Beautiful and bittersweet; Raiders win their Oakland finale

  OAKLAND, Calif.—It was wet and wild, beautiful and bittersweet, a last hurrah for the Raiders in the city that with its characters and character has been as much a part of their psyche and history as the wins and losses.

  Such sweet sorrow on this  Christmas Eve Monday of rain and reverie, when the fans, Raider Nation if you will, showed their loyalty and, like their team did with a stunning 27-14 win  over the Denver Broncos, their resiliency.

  Big time sports is built on caring,  by the athletes of course, but no less by the fans, who, as on this damp evening, turned the Oakland Coliseum parking lot into the international festival of food and music, and not surprisingly when the alcohol flowed, perhaps with some tears, turned the stands into a raucous arena.

  Yes, a few brawls, as some in the celebratory crowd of 53,850 lost control. More significant were the cheers, as fans—even knowing this probably was their final appearance in Oakland, maybe in California—stayed to what was the end of the game and could be the end of an era.

  They were given what they were owed, a victory that was set off five minutes after the opening kickoff on a 99-yard yard punt return for a touchdown by Dwayne Harris.

  The Raiders because of a disgraceful money-grabbing, egotistical move by owner Mark Davis are moving to Las Vegas where in 2020 a multi-billion pleasure dome of a stadium will be ready. But until then they are without a definite place to play, and whether they set up camp in San Francisco or Nevada or—heaven help us, London—it won’t be the same.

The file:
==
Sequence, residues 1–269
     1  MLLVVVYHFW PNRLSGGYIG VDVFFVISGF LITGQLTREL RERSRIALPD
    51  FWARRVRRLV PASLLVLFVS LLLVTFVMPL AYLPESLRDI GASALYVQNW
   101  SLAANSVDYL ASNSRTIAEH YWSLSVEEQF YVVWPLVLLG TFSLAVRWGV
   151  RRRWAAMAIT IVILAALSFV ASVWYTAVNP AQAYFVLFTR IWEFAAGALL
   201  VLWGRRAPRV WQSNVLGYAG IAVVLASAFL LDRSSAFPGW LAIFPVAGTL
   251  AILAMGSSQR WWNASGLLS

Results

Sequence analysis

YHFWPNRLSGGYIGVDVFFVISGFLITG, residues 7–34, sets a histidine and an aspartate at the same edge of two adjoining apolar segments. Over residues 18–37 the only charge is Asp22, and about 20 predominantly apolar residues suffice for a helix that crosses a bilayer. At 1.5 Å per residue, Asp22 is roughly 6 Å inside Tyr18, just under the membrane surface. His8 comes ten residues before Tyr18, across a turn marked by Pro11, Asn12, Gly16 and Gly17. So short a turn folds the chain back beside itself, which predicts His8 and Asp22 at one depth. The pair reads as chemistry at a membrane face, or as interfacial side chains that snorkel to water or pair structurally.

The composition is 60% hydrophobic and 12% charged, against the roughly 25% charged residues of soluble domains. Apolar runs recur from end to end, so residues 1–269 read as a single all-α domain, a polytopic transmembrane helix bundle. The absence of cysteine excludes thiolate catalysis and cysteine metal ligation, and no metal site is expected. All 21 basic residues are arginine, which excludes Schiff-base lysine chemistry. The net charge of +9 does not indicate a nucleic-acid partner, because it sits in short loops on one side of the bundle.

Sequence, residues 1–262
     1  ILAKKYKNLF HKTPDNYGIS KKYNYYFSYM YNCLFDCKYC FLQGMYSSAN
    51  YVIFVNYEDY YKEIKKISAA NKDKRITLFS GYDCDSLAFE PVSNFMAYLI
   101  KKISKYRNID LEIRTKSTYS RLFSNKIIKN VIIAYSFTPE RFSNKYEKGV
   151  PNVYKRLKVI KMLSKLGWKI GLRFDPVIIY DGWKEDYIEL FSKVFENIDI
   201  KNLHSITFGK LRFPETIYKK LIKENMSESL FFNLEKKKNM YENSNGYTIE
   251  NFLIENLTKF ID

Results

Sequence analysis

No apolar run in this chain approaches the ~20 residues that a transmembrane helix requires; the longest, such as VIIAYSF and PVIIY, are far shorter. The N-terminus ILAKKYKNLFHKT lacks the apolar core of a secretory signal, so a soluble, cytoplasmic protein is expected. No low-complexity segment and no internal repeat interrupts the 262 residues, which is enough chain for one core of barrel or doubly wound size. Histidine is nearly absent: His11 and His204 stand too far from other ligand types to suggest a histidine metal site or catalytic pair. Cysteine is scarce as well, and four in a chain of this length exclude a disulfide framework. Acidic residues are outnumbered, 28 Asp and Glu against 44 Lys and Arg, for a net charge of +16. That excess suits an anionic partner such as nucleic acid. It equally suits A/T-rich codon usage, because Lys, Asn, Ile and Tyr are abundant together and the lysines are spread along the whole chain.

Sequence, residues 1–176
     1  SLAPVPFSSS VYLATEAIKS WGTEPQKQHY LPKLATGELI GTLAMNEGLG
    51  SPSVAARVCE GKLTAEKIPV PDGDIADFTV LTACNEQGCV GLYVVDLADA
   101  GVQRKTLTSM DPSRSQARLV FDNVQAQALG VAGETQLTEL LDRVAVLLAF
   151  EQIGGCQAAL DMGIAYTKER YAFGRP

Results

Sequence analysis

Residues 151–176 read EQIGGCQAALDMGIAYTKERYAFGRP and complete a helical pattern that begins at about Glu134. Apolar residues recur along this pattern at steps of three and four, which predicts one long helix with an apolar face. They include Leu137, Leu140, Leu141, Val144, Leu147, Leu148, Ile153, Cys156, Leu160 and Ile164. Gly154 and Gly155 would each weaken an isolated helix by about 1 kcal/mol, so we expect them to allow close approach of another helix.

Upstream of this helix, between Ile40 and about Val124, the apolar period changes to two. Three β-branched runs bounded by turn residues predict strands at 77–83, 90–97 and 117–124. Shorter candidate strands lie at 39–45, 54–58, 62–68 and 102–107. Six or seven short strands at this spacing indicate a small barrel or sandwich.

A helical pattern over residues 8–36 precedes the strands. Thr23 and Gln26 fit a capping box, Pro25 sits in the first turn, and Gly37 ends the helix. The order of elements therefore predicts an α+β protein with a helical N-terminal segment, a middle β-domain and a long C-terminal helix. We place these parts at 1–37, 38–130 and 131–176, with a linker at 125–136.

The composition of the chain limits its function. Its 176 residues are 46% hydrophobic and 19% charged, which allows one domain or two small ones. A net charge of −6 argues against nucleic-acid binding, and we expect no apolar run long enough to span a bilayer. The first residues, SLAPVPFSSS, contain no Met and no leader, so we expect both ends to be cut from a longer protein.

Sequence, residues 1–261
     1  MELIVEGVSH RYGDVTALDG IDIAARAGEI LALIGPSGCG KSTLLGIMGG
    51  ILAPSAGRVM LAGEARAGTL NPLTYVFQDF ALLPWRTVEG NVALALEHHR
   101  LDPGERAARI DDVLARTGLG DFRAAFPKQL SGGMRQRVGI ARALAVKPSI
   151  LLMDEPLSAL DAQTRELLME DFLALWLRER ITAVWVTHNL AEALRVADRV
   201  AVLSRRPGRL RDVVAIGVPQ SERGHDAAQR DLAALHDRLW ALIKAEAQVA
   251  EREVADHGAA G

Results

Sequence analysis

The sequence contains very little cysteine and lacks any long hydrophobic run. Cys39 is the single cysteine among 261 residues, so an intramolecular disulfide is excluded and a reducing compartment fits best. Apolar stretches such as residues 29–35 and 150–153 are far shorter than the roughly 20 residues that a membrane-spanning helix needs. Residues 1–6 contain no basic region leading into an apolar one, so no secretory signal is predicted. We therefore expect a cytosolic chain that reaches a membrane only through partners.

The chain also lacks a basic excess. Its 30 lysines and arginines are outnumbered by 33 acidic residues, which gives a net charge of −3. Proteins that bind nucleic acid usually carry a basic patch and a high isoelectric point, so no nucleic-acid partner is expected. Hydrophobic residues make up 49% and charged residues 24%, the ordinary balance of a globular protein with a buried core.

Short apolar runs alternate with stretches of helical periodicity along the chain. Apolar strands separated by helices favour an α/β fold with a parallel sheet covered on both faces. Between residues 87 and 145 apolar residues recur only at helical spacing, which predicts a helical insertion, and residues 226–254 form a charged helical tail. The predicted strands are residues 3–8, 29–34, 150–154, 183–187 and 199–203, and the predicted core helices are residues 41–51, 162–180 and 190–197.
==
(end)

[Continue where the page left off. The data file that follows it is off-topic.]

Won’t be the festivities and tacos and joyful greetings that have preceded every game, including Monday night’s, in the big parking lots off 66th Avenue.

  Won’t be the same without the Black Hole, the fanatics—and that’s meant in the highest regard—who stand and yell in the sections directly behind the south goal posts.

   “I am thankful for  our fans,” said Jon Gruden, who in his return as Raiders coach this season now has a 4-11 record, with one game left, at Kansas City

“They were there every game for us. I really appreciate the support. Our fans really fueled us.”

  But the Raiders are leaving those fans, leaving the Coliseum, leaving Oakland—maybe something can be worked out for 2019, but all that does is extend the pain of waiting—departing at the whim and greed of their owner.